Another option to consider may be to attract foreign investment in this sector by pushing manufacturing as part of the “Make in India” initiative. This would help domestic manufacturers get the technology to manufacture at lower prices. And, foreign investment would be useful to meet current requirements for the continued growth of the renewable energy sector, namely, energy storage and smart grids/grid management, which is necessary for grid stability.
As already mentioned, the domestic supply chain is still heavily dependent on imports. In this scenario, imposing dumping duties without evaluating the alternative supply chain could adversely impact the consumers as the equipment costs would go up. Our view always has been that measures like anti-dumping are temporary interventions and do not create incremental supply chain investments in the country. There needs to be a long-term policy on promoting domestic solar PV manufacturing in the country. Also, how can a “Made in India” module compete against the global supply chain in an unsubsidised and open market? The policy needs to address how steady-state demand would be ensured for the capacity being created in India, and how the manufacturing investments can make the necessary returns in order to create a sustainable manufacturing/R&D operation. The cost of raising capital as well as high income taxes have been deterrents to attracting investments in a completely integrated solar manufacturing set-up in India and unless large integrated facilities (semiconductor-finished module) with a scale of 1.5-2 GW per plant are set up, the existing incremental module assembly operations with high import content will always remain sub-scale and hostage to vagaries in the imported supply chain.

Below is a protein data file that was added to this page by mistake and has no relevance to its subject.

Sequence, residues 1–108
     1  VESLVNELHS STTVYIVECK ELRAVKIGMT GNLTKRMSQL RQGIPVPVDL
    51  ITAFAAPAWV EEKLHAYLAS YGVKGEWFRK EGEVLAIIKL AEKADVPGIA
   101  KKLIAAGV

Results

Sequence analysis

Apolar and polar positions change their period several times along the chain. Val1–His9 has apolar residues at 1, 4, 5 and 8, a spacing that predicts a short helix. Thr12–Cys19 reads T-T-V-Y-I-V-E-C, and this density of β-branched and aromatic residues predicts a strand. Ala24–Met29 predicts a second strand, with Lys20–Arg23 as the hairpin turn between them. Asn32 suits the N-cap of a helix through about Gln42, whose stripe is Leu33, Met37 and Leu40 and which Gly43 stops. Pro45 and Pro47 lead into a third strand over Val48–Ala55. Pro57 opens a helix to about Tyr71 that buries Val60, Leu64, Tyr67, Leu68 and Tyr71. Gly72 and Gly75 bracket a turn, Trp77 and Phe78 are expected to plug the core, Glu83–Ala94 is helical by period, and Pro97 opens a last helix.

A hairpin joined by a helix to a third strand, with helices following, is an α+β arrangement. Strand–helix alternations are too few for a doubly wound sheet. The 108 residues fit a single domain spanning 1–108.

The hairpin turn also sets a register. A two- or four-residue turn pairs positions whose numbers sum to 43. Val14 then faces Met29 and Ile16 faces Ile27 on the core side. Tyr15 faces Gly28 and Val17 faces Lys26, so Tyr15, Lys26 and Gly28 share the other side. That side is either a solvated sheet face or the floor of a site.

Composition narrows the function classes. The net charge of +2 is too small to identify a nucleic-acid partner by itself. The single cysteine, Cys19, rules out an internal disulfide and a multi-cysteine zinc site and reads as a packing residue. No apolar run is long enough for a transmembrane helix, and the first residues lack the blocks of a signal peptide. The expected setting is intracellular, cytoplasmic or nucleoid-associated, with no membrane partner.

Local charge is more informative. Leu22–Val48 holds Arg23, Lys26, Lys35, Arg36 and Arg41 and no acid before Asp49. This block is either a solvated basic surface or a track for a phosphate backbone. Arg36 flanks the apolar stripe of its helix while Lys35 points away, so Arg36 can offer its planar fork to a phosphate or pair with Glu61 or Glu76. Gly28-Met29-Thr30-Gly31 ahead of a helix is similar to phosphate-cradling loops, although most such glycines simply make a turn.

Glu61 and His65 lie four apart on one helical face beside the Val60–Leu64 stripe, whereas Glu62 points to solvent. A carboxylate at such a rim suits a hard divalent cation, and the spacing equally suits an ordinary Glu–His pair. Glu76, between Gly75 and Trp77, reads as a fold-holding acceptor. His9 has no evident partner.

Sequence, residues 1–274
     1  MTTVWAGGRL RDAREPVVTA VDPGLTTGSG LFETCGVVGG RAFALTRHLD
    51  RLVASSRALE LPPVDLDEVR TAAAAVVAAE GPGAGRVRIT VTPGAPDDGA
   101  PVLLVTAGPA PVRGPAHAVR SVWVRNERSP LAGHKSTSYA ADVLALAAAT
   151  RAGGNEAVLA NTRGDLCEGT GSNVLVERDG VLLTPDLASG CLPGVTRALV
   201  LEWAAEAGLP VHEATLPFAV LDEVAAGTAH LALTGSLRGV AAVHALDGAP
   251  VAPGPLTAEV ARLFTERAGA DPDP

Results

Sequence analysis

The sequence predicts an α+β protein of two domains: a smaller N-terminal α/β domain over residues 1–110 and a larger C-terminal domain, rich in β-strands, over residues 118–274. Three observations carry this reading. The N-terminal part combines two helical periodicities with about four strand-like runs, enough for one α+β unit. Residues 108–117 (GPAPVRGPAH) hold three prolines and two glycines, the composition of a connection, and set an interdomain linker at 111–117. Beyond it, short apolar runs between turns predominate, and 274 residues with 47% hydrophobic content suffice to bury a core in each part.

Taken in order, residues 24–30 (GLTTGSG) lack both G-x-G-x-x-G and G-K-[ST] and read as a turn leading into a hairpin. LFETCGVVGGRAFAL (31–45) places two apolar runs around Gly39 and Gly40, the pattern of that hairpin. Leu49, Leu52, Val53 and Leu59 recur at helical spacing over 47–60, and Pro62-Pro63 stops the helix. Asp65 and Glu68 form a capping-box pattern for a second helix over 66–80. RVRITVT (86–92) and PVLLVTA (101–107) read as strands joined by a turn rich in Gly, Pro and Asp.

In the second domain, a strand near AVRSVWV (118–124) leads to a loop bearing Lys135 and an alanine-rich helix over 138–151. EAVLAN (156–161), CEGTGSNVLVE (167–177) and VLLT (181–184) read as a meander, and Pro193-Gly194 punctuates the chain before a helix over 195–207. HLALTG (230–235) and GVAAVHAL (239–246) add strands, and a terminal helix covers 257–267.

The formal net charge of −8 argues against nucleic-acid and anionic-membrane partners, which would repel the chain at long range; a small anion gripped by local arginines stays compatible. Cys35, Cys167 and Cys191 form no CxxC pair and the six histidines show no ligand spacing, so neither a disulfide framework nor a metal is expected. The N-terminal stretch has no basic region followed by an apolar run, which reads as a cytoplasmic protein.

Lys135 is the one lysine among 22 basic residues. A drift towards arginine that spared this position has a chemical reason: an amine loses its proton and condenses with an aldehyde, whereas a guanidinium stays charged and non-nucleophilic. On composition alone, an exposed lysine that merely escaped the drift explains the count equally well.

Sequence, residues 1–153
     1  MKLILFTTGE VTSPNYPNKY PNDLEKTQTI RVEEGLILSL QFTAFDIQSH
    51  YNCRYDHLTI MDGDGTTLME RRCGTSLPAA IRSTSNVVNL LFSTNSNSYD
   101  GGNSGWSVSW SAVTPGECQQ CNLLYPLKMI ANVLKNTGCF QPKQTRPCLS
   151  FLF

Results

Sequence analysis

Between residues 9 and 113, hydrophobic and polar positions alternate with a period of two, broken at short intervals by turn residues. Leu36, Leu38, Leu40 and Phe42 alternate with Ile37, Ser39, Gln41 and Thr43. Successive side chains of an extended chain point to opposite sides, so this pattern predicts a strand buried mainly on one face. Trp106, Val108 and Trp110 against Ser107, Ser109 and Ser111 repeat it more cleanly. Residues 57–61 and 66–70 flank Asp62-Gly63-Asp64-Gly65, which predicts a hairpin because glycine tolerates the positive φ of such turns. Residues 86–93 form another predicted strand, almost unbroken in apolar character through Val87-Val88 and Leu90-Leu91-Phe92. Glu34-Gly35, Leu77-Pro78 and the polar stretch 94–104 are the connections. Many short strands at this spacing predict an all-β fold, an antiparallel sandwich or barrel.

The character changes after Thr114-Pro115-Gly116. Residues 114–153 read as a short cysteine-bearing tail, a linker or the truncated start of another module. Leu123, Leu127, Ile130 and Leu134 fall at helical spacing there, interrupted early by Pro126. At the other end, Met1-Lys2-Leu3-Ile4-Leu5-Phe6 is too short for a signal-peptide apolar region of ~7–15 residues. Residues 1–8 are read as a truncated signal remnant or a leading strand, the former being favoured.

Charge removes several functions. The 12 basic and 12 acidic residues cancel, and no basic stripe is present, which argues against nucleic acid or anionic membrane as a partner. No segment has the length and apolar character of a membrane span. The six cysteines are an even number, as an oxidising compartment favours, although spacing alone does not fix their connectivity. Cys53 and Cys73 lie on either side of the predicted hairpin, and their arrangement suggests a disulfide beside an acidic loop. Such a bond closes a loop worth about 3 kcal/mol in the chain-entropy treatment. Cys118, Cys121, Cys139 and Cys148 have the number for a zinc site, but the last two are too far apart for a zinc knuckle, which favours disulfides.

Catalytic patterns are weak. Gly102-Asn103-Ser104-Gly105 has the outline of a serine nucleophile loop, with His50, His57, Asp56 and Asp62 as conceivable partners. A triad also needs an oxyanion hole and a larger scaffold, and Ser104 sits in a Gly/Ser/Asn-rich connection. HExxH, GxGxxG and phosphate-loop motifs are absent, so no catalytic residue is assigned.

What is your outlook for the solar segment post the imposition of anti-dumping duty? With 20,000 MW declared to be auctioned by the MNRE by the year-end, how will anti-dumping (if ruled in favour of domestic manufacturers), impact solar tariffs?